Thursday, 3 October 2013

With a bit of joined up thinking councils could conserve aggregates, divert material from landfill and save millions of pounds too

Is anyone else surprised - shocked even - that the grits and aggregates from road salt and road dressings, a large part of road sweepings and gully waste, are typically landfilled?

Across the UK, it has been conservatively estimated that some 370,000 tonnes of such material goes to landfill each year. The landfill tax alone for this amount, £80/tonne in 2014, would cost councils £30m, and with potential cost implications from new Environment Agency guidance ‘Recovery of Street Sweepings and Gully Emptyings’, some question whether councils can afford not to recycle such waste from now on.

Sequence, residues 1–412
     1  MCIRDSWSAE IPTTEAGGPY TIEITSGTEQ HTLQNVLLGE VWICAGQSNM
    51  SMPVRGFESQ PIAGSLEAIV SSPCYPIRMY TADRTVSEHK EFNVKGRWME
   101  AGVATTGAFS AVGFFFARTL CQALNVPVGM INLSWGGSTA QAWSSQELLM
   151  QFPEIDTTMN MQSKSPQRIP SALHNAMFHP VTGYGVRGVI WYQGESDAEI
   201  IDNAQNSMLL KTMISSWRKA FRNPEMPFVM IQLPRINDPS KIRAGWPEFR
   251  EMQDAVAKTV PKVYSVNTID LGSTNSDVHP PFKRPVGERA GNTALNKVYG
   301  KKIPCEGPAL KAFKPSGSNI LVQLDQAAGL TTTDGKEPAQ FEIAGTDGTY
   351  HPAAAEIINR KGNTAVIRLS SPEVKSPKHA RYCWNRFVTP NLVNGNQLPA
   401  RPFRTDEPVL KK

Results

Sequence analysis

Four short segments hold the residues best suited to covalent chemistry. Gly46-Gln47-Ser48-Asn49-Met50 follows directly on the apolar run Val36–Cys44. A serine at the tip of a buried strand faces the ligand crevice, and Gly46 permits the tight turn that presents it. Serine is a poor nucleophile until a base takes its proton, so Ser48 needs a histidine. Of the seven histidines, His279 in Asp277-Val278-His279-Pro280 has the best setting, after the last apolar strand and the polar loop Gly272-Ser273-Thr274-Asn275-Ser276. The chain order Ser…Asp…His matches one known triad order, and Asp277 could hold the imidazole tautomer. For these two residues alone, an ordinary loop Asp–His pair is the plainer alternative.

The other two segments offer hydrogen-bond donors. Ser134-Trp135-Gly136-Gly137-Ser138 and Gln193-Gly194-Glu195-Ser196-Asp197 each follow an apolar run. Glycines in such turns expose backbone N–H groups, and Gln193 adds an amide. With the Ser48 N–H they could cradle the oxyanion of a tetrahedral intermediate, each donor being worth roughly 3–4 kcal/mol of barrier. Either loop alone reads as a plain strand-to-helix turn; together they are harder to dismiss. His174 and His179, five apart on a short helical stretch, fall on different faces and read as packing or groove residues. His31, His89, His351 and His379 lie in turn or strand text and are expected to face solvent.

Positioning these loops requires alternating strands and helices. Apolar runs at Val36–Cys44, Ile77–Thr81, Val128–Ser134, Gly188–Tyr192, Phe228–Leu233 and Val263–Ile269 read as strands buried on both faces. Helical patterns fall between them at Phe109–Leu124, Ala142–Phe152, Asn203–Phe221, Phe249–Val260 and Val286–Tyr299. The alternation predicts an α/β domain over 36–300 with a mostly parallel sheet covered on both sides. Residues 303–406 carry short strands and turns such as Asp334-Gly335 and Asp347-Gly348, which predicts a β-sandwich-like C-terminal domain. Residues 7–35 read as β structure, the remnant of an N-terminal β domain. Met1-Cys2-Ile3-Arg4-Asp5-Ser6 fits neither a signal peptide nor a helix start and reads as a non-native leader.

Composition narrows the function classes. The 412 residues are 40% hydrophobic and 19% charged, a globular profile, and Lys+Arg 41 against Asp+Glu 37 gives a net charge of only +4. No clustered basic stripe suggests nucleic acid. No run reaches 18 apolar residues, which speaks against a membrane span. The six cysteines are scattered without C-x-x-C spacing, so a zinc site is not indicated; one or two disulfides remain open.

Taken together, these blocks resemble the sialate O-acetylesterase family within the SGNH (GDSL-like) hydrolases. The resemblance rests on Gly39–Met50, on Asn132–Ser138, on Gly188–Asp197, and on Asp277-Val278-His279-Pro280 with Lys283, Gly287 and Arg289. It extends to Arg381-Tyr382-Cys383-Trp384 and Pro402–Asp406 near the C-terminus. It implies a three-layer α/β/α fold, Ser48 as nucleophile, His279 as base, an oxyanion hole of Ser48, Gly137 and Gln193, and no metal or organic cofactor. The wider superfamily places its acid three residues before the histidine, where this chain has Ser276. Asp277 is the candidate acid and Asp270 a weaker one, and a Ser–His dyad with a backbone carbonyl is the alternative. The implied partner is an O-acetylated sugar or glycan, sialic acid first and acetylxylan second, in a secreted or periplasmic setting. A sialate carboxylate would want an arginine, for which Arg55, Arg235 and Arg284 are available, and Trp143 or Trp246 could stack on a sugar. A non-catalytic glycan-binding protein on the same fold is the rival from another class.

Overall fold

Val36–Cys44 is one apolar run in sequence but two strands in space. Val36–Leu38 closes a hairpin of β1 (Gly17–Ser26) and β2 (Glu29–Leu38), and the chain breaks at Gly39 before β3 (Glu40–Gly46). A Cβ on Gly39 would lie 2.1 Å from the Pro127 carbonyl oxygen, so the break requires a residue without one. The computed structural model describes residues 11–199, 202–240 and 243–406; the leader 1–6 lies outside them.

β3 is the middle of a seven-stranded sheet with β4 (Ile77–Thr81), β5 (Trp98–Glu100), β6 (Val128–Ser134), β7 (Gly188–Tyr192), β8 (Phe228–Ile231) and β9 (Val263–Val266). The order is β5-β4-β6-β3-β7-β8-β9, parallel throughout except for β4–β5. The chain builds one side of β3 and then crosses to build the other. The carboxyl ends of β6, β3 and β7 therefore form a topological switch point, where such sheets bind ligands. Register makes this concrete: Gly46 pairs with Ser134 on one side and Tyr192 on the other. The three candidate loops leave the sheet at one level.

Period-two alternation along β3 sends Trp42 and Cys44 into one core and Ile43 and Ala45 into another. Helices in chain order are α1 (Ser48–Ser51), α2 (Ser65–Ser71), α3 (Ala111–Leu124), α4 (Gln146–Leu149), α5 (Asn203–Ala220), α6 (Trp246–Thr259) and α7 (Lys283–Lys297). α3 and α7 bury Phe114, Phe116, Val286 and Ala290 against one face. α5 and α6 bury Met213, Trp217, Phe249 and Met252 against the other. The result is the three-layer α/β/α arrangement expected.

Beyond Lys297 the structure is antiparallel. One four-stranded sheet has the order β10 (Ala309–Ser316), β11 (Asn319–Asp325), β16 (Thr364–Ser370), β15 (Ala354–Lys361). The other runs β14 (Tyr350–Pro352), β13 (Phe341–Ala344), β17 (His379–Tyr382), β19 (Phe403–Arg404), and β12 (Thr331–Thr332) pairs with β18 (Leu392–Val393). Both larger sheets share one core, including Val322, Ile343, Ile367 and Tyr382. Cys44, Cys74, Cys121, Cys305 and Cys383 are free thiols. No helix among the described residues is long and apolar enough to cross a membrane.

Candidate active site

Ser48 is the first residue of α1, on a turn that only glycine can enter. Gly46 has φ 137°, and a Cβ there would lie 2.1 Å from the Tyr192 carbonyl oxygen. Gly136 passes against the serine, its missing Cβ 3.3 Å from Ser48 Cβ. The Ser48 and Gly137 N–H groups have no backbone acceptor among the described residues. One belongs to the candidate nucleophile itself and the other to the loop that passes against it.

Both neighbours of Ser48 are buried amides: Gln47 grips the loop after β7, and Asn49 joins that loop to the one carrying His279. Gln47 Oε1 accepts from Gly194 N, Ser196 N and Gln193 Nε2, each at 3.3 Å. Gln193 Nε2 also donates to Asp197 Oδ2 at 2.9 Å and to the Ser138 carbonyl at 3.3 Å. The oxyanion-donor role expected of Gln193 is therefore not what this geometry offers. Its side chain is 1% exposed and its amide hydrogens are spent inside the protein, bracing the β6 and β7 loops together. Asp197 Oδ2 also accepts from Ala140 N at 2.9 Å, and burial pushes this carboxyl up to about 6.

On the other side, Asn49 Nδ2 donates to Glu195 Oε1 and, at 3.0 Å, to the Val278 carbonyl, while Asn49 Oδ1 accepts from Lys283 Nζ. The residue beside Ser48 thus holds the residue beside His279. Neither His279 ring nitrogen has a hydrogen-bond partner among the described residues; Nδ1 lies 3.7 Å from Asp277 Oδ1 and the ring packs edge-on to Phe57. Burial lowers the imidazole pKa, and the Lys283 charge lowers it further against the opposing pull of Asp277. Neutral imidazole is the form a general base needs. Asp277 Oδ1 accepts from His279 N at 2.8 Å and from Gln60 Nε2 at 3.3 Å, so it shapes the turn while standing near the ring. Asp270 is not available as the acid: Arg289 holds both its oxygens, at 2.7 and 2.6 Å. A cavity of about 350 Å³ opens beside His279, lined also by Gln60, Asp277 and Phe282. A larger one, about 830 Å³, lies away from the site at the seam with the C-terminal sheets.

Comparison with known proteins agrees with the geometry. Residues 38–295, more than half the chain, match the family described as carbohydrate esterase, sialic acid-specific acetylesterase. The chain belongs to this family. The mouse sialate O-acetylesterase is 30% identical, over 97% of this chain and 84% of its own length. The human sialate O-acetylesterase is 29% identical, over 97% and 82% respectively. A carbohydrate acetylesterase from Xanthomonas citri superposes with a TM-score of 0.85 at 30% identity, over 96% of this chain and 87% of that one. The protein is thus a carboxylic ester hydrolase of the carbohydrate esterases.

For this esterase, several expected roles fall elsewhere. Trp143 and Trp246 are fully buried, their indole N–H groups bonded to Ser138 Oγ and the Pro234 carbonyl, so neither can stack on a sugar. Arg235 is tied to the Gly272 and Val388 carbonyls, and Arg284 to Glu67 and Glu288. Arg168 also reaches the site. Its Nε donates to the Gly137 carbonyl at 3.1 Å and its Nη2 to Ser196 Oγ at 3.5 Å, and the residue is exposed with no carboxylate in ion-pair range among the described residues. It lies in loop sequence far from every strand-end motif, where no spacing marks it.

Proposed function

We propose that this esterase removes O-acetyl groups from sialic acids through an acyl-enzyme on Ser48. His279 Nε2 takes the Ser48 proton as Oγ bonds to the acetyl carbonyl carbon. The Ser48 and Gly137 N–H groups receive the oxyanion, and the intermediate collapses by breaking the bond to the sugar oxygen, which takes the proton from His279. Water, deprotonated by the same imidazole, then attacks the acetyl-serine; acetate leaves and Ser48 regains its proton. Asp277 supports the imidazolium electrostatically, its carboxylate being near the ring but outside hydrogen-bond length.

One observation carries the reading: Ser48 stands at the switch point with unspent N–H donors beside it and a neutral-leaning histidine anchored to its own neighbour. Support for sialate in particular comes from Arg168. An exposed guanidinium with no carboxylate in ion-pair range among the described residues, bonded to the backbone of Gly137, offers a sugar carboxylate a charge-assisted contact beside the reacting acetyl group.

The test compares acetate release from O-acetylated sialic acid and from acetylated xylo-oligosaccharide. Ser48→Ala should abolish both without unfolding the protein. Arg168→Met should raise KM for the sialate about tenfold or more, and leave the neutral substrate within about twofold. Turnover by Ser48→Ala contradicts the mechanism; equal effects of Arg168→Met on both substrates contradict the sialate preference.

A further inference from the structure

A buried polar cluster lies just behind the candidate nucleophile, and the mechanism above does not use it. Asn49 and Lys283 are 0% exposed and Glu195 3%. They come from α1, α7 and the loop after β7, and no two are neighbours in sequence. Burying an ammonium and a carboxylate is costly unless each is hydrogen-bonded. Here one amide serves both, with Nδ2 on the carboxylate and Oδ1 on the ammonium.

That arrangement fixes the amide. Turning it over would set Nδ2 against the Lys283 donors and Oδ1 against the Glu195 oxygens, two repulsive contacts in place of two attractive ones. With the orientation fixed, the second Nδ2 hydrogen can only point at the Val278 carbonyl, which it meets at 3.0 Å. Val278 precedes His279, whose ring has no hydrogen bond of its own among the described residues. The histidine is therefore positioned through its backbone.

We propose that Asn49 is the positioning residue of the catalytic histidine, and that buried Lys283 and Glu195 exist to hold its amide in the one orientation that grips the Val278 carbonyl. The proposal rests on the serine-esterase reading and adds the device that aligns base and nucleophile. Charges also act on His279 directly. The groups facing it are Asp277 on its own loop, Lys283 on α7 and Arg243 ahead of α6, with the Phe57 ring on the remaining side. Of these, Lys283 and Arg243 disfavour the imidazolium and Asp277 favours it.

In Europe, sweepings and gully waste are commonly recycled, and in 2012 Warwickshire County Council installed a recycling plant in Wolverhampton to work in conjunction with six other authorities. It will recycle around 40,000 tonnes of road sweepings and gully waste each year at half the cost of landfill, with the aggregates obtained being used either in construction or remixed with rock salt for use on roads in the winter.

Councils are looking for ways to save money. Here's a way to save money and landfill and aggregates. What's stopping them?